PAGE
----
the loss of quality from transcoding lossy to lossy is usually a lot worse than the difference in quality between codecs and bitrates (within reason).
ffmpeg and a makefile with a pattern rule is pretty reasonable; (substutite any make-replacement if you prefer). If you are doing AAC, make sure you use the Fraunhofer FDK AAC not the builtin one (the builtin one used to be terrible, but is now somewhere between "okay" and "pretty good" but the FDK is still considered better last I checked, and your distro may not have an up-to-date ffmpeg).
ffmpeg is pretty good about preserving metadata.
If you want ID3v1 tags for MP3 (only needed for older players), then pass -write_id3v1; there's little downside to putting the id3v1 tag on there as it's quite small.
Links for basic ffmpeg encoding; it shows with .wav input but ffmpeg can read flac just fine and should preserve tags: 1,2
For Ogg output, oggenc can read flac directly and preserve tags, so I've never tried using ffmpeg.
I however, ripped my CD collection to a single flac per disc plus a TOC, and abcde will automate that, including a musicbrainz or CDDB lookup for tagging.
Converting etc. I do exclusively on my Linux desktop, so can't help you there.
Your format of choice should be dictated by your mobile platform - if you use iOS device or simply like iTunes, go for ALAC. Any decent player will handle FLAC and ALAC, but Apple requires ALAC. If Apple isn‘t a concern for you, there‘s no reason to use anything but FLAC.
Personally, I use ALAC since I use iOS. So far there haven‘t been any downsides.
Absolutely, but it's an extra step that to me brings little practical benefit, since FLAC is already the source format & is more widely used practically everywhere outside Apple's ecosystem.
> Your format of choice should be dictated by your mobile platform - if you use iOS device or simply like iTunes, go for ALAC. Any decent player will handle FLAC and ALAC, but Apple requires ALAC. If Apple isn‘t a concern for you, there‘s no reason to use anything but FLAC.
I use iOS as my smartphone platform for now, (waiting for the Librem 5), but Linux on the desktop, so that's why I prefer FLAC. It's worth noting however that iOS itself does support FLACs perfectly well, just iTunes doesn't, (I prefer not to deal with iTunes at all, so not a concern for me), but if you use something like Airsonic, you're set.
I do have a set of AirPlay speakers however, since I wanted something wireless, but still lossless, which kind of means AirPlay is the only option & that does transcode my FLACs to ALAC on the fly, so there's definitely an area where I use ALAC, even if indirectly.
I mostly use 7digital & HDTracks to acquire FLACs these days, but when I rip from CDs, I use https://github.com/whipper-team/whipper to do the job.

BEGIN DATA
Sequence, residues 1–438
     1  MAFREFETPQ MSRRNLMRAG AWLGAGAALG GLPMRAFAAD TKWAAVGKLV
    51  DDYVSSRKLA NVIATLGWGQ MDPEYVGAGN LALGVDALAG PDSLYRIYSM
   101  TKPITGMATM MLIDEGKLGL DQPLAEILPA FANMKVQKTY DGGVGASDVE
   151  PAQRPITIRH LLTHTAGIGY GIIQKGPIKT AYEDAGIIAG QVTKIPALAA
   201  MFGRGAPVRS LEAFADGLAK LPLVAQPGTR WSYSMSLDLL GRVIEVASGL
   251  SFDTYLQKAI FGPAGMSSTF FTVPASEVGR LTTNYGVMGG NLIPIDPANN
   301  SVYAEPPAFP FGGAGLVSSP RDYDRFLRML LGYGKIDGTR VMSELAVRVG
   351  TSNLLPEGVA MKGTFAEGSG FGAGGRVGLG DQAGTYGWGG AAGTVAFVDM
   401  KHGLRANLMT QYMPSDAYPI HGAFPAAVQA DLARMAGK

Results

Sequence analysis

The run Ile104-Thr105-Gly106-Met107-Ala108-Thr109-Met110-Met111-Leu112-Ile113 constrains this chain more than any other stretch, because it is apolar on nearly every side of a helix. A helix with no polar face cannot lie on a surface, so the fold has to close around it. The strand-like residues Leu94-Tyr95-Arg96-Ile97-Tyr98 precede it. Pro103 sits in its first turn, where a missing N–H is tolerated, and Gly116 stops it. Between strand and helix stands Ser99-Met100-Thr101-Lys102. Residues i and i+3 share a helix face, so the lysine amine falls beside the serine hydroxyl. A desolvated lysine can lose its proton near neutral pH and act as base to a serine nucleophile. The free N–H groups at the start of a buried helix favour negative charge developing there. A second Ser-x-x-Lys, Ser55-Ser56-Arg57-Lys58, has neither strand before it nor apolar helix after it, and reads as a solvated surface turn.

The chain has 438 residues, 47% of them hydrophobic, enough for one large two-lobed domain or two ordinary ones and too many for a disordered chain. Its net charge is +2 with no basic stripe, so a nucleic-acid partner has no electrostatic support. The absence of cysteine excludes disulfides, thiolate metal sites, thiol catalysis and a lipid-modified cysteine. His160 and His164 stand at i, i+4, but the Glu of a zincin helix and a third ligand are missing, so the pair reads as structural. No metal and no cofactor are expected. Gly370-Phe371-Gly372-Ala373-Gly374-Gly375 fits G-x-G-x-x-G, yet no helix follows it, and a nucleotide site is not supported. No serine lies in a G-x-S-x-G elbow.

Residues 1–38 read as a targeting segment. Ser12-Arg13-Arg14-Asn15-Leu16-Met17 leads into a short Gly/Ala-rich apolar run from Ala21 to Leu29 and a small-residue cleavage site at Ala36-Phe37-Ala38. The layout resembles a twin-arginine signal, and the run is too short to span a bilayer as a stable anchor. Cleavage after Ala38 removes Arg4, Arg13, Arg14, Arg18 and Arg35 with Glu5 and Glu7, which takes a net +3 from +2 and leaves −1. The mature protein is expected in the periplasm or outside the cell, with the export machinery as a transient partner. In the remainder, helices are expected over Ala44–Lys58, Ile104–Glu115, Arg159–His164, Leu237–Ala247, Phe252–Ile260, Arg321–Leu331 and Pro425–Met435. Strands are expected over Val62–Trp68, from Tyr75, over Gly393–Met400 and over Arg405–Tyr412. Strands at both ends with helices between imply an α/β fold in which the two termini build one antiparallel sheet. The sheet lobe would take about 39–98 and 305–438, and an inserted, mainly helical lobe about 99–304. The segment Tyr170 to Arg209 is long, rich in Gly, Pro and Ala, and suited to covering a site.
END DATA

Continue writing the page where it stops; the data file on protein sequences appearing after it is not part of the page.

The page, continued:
FLACs from 7d/HDTracks are already named & tagged properly so I only deal with it occasionally and when I do, https://picard.musicbrainz.org works well for acquiring tags & artwork.
When I need to rename/tag manually, https://kid3.sourceforge.io has been working nicely.
Also I haven't used it myself, but there's a lot of positive chatter around https://github.com/beetbox/beets for tagging etc. I just prefer not to have my files touched in such an automated way :-)
I rarely actually convert from FLACs these days, since I have set up Airsonic, (https://github.com/airsonic/airsonic), on my home server. I now have access to the lossless files directly, from anywhere.
When I do convert, I usually just use https://github.com/kassoulet/soundconverter - nothing fancy, but does the job. I do not maintain my whole library in both, lossless & lossy formats since I have set up Airsonic, but when I do want to save data & do not have access to WiFi, I just let Airsonic use lame to transcode to MP3s on the fly, (rare).
If you cannot do that, don't have regular access to data on the go etc. I'd honestly just use https://ecasound.seul.org/ecasound/Documentation/examples.ht... and put it in a script that checks if a .flac file in a folder or subfolder has a corresponding .mp3/.ogg file and convert if not, then just use find to filter out the format I don't want to copy over. :-)
Over the years I've ripped my CDs maybe 4 or 5 times. I used to have a PowerBook G4 and an early iPod, so I ripped to M4A/AAC. Nothing else played that, so then I went MP3 with storage limitations of the day dictating bitrate. Now, I just want to rip to FLAC and never deal with that again.
On Mac, XLD is great for ripping and transcoding, but I'm not sure what's the hot favourite for playback these days.
I keep the Flac around in case sometime in the future I want to change formats for whatever reason.
I still have Spotify for the times I want to listen to something I don't own or want to listen to one specific song without drilling down multiple menus to find it.